5. Biomass

While small-scale biopower-plants are not very efficient at producing energy using the steam and turbine method, having organic material that can be burned to provide heat is still a very valuable resource. Humans have been using biomass for heat for millennia and this is still very applicable in the 21st century.

Many off-grid mini stoves exist that can provide the heat needed for your central heating and hot water requirements. These require a bit of planning and you’ll have to get good with an axe but if you live in an area with an abundance of trees this is a very viable solution.

6. Backup Generators

Lastly, fuel burning backup-generators are still an extremely viable option for an off grid solution. While it requires maintaining a supply of fuel for a “rainy day”, a generator could be a life-saver when it comes to being truly off grid. An example of an essential need for power is if your water comes from a well, you’ll want to know you can pump water whenever it is needed, regardless of any conditions.

Fuel based generators are generally a lot more pocket-friendly than their renewable counterparts and are generally built to be quite resilient to various climates. There are a few choices of fuel to burn such as diesel, petrol and natural gas, that come with various power outputs. If you do choose for a backup generator, make sure it can supply enough power for various essential activities.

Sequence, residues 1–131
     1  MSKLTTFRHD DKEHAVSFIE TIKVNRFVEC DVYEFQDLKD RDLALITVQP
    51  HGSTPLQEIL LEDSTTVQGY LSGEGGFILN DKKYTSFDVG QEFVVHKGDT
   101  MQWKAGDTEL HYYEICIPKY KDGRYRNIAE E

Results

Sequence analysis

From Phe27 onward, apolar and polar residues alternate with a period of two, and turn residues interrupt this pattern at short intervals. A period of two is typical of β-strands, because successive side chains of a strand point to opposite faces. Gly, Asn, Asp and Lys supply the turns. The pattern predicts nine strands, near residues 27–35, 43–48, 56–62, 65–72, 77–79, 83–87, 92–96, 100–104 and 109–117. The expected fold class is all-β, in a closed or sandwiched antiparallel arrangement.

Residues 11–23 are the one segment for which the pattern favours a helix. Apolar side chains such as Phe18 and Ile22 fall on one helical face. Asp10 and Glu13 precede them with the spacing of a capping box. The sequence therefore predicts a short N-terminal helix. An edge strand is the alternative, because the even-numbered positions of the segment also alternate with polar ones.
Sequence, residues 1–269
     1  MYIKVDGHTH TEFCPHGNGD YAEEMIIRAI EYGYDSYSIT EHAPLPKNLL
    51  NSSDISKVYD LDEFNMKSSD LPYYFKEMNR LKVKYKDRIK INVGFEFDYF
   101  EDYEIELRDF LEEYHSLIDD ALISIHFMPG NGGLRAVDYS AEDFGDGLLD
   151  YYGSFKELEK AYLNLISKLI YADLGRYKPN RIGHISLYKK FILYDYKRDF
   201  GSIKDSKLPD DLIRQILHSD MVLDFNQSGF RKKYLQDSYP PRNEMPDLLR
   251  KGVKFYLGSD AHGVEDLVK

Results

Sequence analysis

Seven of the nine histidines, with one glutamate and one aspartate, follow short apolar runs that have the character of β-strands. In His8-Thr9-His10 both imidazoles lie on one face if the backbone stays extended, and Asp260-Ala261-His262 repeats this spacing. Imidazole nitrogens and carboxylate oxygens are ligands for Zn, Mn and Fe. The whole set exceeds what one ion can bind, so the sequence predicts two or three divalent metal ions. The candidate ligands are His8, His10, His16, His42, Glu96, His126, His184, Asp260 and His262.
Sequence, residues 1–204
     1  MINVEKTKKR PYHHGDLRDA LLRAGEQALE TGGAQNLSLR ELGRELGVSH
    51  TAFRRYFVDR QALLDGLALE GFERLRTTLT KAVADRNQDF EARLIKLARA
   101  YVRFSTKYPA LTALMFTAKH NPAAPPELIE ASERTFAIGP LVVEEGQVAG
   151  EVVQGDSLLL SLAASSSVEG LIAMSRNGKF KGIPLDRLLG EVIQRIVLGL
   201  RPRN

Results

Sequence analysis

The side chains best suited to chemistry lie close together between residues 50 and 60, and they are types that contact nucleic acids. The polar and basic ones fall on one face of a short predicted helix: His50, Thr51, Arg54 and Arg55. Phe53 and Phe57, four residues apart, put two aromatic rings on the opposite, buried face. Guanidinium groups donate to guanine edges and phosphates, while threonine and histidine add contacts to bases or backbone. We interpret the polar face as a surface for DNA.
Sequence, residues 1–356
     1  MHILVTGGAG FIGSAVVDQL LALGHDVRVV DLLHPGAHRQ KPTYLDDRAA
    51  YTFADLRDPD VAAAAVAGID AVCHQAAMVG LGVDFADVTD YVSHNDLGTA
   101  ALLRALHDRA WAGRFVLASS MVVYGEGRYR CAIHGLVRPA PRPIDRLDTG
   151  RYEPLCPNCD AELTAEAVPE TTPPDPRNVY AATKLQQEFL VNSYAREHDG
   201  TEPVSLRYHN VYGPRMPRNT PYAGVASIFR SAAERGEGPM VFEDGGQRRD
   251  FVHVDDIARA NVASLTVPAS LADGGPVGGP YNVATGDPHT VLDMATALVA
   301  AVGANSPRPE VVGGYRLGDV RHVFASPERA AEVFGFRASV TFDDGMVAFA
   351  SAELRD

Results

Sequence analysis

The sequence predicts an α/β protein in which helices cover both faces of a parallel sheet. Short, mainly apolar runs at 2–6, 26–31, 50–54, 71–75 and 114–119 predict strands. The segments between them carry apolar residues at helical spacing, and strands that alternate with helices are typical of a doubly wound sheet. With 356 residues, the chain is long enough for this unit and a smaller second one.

It is becoming increasingly popular, affordable and sustainable to take your house off the power grid and for good reason, a centralised grid comes with many disadvantages in terms of financial, environmental and reliability reasons. However, a common theme you’ll see as we have discussed each renewable solution is that, even with energy compromises it’s difficult to supply one’s house with all the energy that is needed all year round from one solution.

This is why our suggestion is to go hybrid. A hybrid system will combine solar, wind and any other solutions (if they apply) to your needs. The more sources you have for power the more likely you are to cut the cord with the centralised grid (remember you’ll need the connection if you wish to sell excess power back to the grid). 

When you start looking into off-grid solutions it’s important you start to see your home as an energy system that you want to make as efficient as possible. In summary, going off-grid requires calculating your energy needs, seeing where this can be optimised, choosing multiple energy sources to harness and generate power from, and then the installation itself. After that your off-grid power system will keep you warm and powered up for years to come.